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A longitudinal study of HPV detection and cervical pathology in HIV infected women
  1. H A Cubie1,
  2. A L Seagar1,
  3. G J Beattie2,
  4. S Monaghan2,
  5. A R W Williams3
  1. 1Regional Clinical Virology Laboratory, Lothian University Hospitals NHS Trust
  2. 2Department of Obstetrics and Gynaecology, West Lothian Healthcare NHS Trust
  3. 3Department of Pathology, The University of Edinburgh Medical School, Teviot Place, Edinburgh EH8 9AG
  1. Dr H A Cubie, Regional Clinical Virology Laboratory, City Hospital, Lothian University Hospitals NHS Trust, Greenbank Drive, Edinburgh EH10 5SB heather.cubie{at}


Objective: To monitor the presence and persistence of high risk (HR) human papillomavirus (HPV) in cervical brushings from HIV infected women.

Methods: Prospective observational cohort study of HIV infected women. Women were enrolled from the cohort of 164 HIV infected women who attend the colposcopy clinic at the Edinburgh Regional Infectious Diseases Unit. A single cervical brush scrape was obtained from 39 women and two or more samples from 63 women who attended regularly at approximately 6 monthly intervals. HPV typing was carried out using a commercial hybrid capture assay (HCA). Details of antiretroviral therapy, cytological assessment, and histological evaluation were made available and the interrelation with HR-HPV detection analysed.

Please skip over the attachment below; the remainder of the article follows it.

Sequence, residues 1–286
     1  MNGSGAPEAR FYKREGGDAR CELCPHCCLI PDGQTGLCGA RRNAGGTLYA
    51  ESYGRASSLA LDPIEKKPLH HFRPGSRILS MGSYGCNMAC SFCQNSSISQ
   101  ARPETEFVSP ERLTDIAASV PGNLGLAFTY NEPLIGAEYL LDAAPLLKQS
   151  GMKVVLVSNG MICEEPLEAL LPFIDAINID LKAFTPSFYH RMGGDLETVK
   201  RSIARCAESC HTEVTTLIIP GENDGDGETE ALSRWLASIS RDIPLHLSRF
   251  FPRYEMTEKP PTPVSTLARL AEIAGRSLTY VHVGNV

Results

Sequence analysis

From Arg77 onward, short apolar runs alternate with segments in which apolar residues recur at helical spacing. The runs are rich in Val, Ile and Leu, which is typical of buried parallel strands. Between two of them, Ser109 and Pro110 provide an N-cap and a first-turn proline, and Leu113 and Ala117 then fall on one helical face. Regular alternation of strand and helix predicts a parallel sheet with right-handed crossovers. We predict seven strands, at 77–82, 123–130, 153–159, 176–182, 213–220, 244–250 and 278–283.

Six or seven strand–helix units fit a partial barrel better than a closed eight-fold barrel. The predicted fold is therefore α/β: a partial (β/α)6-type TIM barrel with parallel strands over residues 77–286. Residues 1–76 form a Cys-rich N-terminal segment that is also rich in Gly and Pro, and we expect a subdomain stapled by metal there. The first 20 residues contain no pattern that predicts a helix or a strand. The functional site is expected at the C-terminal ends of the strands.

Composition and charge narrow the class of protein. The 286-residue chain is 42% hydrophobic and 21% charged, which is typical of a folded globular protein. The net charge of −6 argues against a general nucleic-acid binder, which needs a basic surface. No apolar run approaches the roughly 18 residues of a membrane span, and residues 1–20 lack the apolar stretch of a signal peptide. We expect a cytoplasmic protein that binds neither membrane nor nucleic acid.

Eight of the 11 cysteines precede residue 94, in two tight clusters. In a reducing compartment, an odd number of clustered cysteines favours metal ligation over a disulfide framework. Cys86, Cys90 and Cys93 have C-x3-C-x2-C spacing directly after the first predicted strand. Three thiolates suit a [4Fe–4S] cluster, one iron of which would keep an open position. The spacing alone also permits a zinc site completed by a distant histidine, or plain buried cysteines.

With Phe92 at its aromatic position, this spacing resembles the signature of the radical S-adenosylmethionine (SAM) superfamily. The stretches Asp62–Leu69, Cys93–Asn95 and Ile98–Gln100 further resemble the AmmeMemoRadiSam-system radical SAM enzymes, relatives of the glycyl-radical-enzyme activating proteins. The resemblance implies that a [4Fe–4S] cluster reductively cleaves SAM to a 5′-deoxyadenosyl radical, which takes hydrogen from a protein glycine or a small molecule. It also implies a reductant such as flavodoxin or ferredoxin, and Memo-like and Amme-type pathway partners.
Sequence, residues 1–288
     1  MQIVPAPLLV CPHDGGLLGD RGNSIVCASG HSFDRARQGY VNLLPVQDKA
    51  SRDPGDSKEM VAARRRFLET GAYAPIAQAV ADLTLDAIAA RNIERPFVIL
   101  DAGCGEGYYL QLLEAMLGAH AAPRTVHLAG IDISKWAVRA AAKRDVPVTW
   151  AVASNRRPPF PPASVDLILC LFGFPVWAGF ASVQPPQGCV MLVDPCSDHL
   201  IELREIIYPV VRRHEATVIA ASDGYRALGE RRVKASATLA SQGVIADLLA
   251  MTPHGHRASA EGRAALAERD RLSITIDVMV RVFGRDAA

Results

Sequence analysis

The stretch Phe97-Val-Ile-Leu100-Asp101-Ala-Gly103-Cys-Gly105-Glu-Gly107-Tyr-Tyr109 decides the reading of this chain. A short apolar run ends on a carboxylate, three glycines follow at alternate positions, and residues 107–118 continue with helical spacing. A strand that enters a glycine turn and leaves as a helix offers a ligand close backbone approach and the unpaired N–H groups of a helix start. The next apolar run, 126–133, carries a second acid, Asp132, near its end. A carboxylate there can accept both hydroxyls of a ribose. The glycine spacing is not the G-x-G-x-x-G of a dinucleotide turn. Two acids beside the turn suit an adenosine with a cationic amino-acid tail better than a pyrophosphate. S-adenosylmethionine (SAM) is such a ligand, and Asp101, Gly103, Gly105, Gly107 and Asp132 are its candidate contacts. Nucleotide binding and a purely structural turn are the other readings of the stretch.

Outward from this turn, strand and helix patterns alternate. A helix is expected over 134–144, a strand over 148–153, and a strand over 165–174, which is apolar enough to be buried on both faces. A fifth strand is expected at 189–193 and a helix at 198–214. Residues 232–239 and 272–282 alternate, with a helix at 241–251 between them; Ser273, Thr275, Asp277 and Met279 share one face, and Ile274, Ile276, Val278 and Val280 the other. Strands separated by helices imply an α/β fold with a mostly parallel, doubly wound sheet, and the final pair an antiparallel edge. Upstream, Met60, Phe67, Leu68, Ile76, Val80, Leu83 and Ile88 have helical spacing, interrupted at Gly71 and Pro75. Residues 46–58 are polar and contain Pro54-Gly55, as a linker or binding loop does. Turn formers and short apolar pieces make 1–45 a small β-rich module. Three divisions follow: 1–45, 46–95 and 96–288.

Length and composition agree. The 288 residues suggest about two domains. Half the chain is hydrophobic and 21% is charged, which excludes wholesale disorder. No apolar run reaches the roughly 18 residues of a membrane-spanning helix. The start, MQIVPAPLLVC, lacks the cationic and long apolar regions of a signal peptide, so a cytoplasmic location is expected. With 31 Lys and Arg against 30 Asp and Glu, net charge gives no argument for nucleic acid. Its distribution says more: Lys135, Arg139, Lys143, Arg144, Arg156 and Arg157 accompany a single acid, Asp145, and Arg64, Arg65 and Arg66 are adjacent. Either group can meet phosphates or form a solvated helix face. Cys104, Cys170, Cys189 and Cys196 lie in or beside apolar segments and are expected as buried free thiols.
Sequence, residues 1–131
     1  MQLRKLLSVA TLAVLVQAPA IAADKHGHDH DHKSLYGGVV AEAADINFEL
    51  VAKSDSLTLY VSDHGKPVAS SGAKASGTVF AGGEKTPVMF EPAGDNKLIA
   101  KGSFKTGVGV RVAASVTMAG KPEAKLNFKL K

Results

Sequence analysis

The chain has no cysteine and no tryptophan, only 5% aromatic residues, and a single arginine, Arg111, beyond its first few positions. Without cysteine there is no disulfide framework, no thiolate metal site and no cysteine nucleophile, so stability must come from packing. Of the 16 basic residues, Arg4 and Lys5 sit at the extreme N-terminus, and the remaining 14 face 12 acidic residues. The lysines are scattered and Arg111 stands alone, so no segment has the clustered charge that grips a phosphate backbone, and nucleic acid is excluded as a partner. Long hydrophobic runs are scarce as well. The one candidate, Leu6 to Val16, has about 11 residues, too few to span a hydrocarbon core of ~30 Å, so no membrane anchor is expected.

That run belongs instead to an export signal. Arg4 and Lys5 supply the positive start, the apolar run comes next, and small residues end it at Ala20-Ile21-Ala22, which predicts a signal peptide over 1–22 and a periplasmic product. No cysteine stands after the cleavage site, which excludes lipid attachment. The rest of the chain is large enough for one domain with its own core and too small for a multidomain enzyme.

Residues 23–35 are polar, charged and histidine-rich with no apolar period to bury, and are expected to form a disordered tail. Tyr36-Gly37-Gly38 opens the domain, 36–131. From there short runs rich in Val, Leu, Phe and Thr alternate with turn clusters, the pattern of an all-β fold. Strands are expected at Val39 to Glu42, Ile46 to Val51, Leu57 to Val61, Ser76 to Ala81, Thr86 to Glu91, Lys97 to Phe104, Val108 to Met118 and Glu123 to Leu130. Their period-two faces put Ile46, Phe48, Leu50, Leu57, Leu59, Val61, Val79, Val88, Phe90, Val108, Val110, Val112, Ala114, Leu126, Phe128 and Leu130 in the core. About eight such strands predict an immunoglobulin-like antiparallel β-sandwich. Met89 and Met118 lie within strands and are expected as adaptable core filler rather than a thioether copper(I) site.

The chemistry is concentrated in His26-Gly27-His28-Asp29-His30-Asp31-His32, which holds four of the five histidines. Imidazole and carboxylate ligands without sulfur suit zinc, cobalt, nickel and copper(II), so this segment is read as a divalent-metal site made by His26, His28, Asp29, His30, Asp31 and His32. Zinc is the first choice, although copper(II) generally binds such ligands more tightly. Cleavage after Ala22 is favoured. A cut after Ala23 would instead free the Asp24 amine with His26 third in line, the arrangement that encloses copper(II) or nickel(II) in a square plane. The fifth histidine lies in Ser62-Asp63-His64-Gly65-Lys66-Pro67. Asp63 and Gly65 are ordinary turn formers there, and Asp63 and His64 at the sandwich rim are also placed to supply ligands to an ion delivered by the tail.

Results: Abnormal cervical cytology, particularly of low grade, was common in these HIV infected women. HR-HPV types were detected in 25% of the women with normal cytology, while over 80% of those with abnormal cytology of any grade were HR-HPV positive. Persistent HR-HPV, as defined by two or more consecutive HPV positive results, was common and found in 27/63 women from whom multiple samples were obtained. HR-HPV was detected at high levels whether or not patients were receiving antiretroviral therapy. Profound immunosuppression was not necessarily associated with progression of cervical disease and no cases of invasive cervical disease were seen.

Conclusion: While mild dyskaryosis (low grade squamous intraepithelial lesion (LSIL)) and persistence of HR-HPV are common in HIV infected women in Edinburgh, regular cytological and colposcopic evaluation with appropriate intervention and treatment appears to limit the progression of cervical disease.

  • human papillomavirus
  • HIV
  • cervical disease

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